The necessity of instruction

We will listen the reading for this day again according to the traditional calendar:

Acts 8:26-40

But an angel of the Lord said to Philip, “Rise and go toward the south to the road that goes down from Jerusalem to Gaza.” This is a desert road.  And he rose and went. And behold, an Ethiopian, a eunuch, a minister of the Candace, queen of the Ethiopians, in charge of all her treasure, had come to Jerusalem to worship  and was returning; seated in his chariot, he was reading the prophet Isaiah.  

And the Spirit said to Philip, “Go up and join this chariot.”  So Philip ran to him, and heard him reading Isaiah the prophet, and asked, “Do you understand what you are reading?”  And he said, “How can I, unless some one guides me?” And he invited Philip to come up and sit with him.  Now the passage of the scripture which he was reading was this:

“As a sheep led to the slaughter
or a lamb before its shearer is dumb,
so he opens not his mouth.
 In his humiliation justice was denied him.
Who can describe his generation?
For his life is taken up from the earth.”

 And the eunuch said to Philip, “About whom, pray, does the prophet say this, about himself or about some one else?”  Then Philip opened his mouth, and beginning with this scripture he told him the good news of Jesus.  And as they went along the road they came to some water, and the eunuch said, “See, here is water! What is to prevent my being baptized?”[b]  And he commanded the chariot to stop, and they both went down into the water, Philip and the eunuch, and he baptized him.  And when they came up out of the water, the Spirit of the Lord caught up Philip; and the eunuch saw him no more, and went on his way rejoicing.  But Philip was found at Azotus, and passing on he preached the gospel to all the towns till he came to Caesarea.

People who are searching for God need to be instructed to come to faith. Today’s reading shows this clearly:

“Philip ran to him, and heard him reading Isaiah the prophet, and asked, “Do you understand what you are reading?”  And he said, “How can I, unless someone guides me?”

This need for instruction applies not only to those who are searching for God, but also to all those who want to live their faith in a true way. The truths of our faith, simple as they are, need to be deepened and nourished daily. It is necessary, therefore, to assimilate the Word of God, which does not return to Him empty (Isa 55:11), but strengthens man in the truth.

Certainly, we have often heard the same readings and passages from the Gospel. In fact, they are regularly repeated. But we can draw greater fruit from them if they are explained to us more and more deeply, so that they penetrate deeply and take root as reality in us. And how much more necessary is this explanation for those who do not yet know and understand the Word of God sufficiently!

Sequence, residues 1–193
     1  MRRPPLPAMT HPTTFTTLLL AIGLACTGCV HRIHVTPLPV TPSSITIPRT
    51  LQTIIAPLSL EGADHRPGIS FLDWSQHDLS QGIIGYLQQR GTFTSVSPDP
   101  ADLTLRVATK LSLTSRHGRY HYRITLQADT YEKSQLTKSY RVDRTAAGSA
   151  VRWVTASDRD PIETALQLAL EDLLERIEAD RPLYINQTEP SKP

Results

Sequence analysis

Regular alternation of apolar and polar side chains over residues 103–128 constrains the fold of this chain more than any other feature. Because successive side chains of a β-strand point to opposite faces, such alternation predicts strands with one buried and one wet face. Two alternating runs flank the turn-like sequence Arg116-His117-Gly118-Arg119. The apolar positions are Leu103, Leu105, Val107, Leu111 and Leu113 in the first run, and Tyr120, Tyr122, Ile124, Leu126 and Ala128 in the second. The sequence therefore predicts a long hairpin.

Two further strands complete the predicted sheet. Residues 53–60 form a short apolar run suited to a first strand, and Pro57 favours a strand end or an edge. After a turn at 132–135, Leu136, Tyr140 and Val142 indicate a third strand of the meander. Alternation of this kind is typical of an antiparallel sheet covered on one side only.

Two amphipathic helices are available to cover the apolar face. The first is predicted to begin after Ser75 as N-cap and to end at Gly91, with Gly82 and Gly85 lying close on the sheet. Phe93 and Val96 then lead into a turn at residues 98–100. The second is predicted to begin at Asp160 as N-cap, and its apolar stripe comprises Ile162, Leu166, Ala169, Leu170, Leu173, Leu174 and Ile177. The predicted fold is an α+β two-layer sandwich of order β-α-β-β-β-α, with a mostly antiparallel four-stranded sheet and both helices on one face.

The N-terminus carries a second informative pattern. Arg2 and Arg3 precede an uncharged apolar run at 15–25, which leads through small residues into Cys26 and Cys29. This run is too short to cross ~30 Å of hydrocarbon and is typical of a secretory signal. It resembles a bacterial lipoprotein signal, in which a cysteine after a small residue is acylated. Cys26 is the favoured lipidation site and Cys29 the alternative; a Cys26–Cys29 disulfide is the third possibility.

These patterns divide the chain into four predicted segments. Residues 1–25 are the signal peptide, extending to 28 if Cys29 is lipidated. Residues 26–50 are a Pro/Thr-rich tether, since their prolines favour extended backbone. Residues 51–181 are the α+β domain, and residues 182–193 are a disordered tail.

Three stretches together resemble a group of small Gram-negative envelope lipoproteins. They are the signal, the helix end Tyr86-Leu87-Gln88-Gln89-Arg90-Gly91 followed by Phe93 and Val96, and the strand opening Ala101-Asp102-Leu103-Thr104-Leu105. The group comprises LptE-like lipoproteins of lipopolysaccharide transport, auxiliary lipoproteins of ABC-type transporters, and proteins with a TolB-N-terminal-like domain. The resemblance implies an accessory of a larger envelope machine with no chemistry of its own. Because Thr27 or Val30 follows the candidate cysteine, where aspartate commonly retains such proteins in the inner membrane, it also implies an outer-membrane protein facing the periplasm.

Let us look at the minister of the Queen of Ethiopia. He had come to Jerusalem to worship God and had already read the Scriptures. But he could not understand who was the lamb that was to be slaughtered, as described by the prophet Isaiah. On the basis of this passage, Philip was able to share the Gospel with him, and the man believed with all his heart and asked to be baptised.

Certainly not everyone is as well prepared to receive the Gospel as the eunuch in today’s reading. But spiritual vigilance and attentive listening to the Holy Spirit will greatly help us to discern those aspects of a person’s search which we can use as a “hook” to bear witness to the Gospel. In this sense, St Paul is a great model for us in the scene where, in the midst of the Athenian pantheon with its various idols, he identifies an altar “to the unknown God”. He then uses this circumstance to tell the Athenians whom they were worshipping without knowing it (cf. Acts 17:16-34).

Certainly, this requires apostolic zeal and the conviction that each person needs to know the infinite love of God, which motivates us to proclaim the Gospel in which this love is revealed to us. If we only see the Gospel as one of many equally valid options and religions, the Holy Spirit will not be able to lead us into those situations where it would be possible to pass on the message of life, as Philip did.

But if we are filled with apostolic zeal, the Angel of the Lord will lead us to cooperate in the great work of our Heavenly Father to bring people home. This applies to whatever situation we find ourselves in, especially in today’s world. We must look with the eyes of God and be ever attentive to the promptings of the Spirit, so that the Lord can count on us and offer His light to men through us. This must be done in complete inner freedom and not give way to unhealthy pressures. Like the great Apostle to the Gentiles, we can consider evangelisation as a “duty incumbent upon us” (1 Cor 9:16). Is there anything more important for people than to know the love of God revealed in our risen Saviour? Surely not!

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